And Then There's Maude
When I first saw that Ruth Gordon was hosting, I had no idea who she was. After quickly looking at the episodes thumbnail my first thought was she might be the little old lady from Poltergeist but seeing her on the screen, I immediately knew I was wrong, but now I was even further from knowing who she was because I just couldn't place her face.
Usually, when I don't know who a host is, I wait until the end of the episode to turn to the internet to help me figure it out, but most of the time when this is the case, I know either the name or can at least recognize their face. This just wasn't happening with this Ruth Gordan who was in charge of this show.
There was no way that I was going to make it through this entire episode without looking her up, and when I did, I found that she was a titular character from the movie Harold and Maude. I love that movie but have only seen it once, and minus the signature hairstyle from the cover of the movie I would have never pieced together who she was through the show alone.
I have a sort of funny story about Harold and Maude. I first heard the title in a cheesy comedy where a character kept referencing the title. At the end of the movie, I turned to my friend and pointed out how odd it was that they made up a title when he was obviously referring to Benny and Joon.
Keep in mind, this was later in life, and I think it might have even happened while I was in film school. I felt kind of stupid when I finally saw Harold and Maude because it turned out to be a classic that is dead center in the style of movies I like, especially after years of hanging out with the arthouse film crowd.
Though it's unfortunate that they never referenced her most famous role, but it was still a pretty solid episode. Alright, enough with the history of my knowledge of the host, it's time to break down what else I say as I give you...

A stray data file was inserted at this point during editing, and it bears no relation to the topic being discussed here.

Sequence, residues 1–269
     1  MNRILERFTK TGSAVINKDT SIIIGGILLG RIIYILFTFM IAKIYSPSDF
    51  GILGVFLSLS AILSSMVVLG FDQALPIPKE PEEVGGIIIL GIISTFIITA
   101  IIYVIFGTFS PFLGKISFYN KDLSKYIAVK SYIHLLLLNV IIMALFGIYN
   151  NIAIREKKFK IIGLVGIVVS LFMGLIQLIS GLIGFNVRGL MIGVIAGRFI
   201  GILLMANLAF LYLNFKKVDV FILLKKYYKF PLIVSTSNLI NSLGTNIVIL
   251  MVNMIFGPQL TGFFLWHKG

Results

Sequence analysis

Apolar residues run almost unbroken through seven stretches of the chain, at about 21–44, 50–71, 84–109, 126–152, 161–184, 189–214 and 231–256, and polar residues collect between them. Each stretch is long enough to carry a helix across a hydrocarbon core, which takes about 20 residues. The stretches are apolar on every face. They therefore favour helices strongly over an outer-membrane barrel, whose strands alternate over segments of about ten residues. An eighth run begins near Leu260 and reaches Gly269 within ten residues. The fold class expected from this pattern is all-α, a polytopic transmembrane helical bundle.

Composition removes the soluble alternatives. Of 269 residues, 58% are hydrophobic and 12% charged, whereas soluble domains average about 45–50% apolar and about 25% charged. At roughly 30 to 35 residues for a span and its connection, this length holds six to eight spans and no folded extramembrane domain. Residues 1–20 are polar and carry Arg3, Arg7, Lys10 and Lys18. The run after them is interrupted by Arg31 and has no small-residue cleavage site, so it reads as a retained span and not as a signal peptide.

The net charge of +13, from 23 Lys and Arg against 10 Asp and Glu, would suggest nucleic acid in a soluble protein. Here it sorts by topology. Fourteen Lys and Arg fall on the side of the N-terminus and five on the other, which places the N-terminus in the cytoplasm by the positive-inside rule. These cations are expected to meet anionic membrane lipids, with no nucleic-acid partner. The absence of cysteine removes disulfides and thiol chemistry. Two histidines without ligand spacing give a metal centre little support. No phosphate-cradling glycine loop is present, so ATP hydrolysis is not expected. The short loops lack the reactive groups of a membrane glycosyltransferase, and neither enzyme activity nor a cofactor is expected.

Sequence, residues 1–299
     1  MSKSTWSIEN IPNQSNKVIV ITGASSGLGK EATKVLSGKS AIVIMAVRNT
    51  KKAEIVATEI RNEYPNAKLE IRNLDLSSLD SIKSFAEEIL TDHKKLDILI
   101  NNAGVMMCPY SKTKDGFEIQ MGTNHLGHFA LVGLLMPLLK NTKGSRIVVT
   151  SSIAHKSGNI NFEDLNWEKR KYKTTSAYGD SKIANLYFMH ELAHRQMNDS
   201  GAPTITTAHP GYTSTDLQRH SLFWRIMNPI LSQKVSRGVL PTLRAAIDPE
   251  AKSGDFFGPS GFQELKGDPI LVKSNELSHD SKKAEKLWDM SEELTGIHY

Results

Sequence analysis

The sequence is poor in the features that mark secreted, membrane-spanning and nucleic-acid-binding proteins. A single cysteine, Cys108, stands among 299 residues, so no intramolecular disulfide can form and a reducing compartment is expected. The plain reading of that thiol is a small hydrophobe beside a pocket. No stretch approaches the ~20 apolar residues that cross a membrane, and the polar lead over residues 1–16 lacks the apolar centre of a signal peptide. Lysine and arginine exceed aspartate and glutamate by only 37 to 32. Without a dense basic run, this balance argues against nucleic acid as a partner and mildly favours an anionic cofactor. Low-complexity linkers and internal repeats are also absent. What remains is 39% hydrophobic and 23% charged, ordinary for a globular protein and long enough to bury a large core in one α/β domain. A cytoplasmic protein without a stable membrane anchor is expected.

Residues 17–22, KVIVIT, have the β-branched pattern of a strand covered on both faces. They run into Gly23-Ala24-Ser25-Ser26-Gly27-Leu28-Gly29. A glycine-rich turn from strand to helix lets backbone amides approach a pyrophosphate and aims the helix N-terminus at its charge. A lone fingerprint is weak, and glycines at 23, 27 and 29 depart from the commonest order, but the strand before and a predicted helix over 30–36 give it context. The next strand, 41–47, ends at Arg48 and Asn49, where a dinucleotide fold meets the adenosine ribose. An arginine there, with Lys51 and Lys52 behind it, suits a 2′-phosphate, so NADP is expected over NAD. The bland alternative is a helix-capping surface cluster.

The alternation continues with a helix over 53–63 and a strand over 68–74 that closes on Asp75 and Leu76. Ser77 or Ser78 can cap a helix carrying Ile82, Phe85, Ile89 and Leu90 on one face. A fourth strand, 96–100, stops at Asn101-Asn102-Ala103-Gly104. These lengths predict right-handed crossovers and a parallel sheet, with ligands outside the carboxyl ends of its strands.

The Wicker Breakdown:
The show starts with Loran Michaels on the phone stressing over the Belushi situation. I think it's a contract negotiation because they are using the same excuses as they did back when Chevy Chase decided to leave the show, even wheeling Belushi out in a wheelchair to blur the line between fact and fiction. I can't wait until this challenge is over to read the books about this time period because I know there are plenty of them out there. The sketch ends with Belushi coming to life when the doctor announces he will not be able to afford the drugs without the SNL income.
Ruth Gordan then opened the show with a real quick monolog. I had no idea who she was so I broke my rule and turned to the internet before the show was over.
This was followed by another repeat of the gay Marine sketch where Garrett Morris is looking for "A Few Good Men."
Laraine Newman then imitated Judy Garland as she sang a song about her self-absorption.
Next was a sketch called The Litella Sisters at Home where Gilda played her Emily Litella character still living with her sister (Ruth Gordan) and the two mishear one another as they attempt to come up with Emily's topic for this night's news.